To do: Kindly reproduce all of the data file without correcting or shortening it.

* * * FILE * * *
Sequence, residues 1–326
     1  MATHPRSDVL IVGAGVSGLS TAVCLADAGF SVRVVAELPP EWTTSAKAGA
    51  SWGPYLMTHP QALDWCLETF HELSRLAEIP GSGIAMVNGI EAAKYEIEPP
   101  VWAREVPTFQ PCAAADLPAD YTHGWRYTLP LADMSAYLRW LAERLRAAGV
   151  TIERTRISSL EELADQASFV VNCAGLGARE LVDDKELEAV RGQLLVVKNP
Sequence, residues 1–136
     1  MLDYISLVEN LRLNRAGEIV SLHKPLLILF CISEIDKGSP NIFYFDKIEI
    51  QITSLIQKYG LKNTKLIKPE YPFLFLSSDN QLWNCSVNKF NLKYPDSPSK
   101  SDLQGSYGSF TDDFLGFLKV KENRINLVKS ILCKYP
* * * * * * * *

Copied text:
Sequence, residues 1–326
     1  MATHPRSDVL IVGAGVSGLS TAVCLADAGF SVRVVAELPP EWTTSAKAGA
    51  SWGPYLMTHP QALDWCLETF HELSRLAEIP GSGIAMVNGI EAAKYEIEPP
   101  VWAREVPTFQ PCAAADLPAD YTHGWRYTLP LADMSAYLRW LAERLRAAGV
   151  TIERTRISSL EELADQASFV VNCAGLGARE LVDDKELEAV RGQLLVVKNP
Sequence, residues 1–136
     1  MLDYISLVEN LRLNRAGEIV SLHKPLLILF CISEIDKGSP NIFYFDKIEI
    51  QITSLIQKYG LKNTKLIKPE YPFLFLSSDN QLWNCSVNKF NLKYPDSPSK
   101  SDLQGSYGSF TDDFLGFLKV KENRINLVKS ILCKYP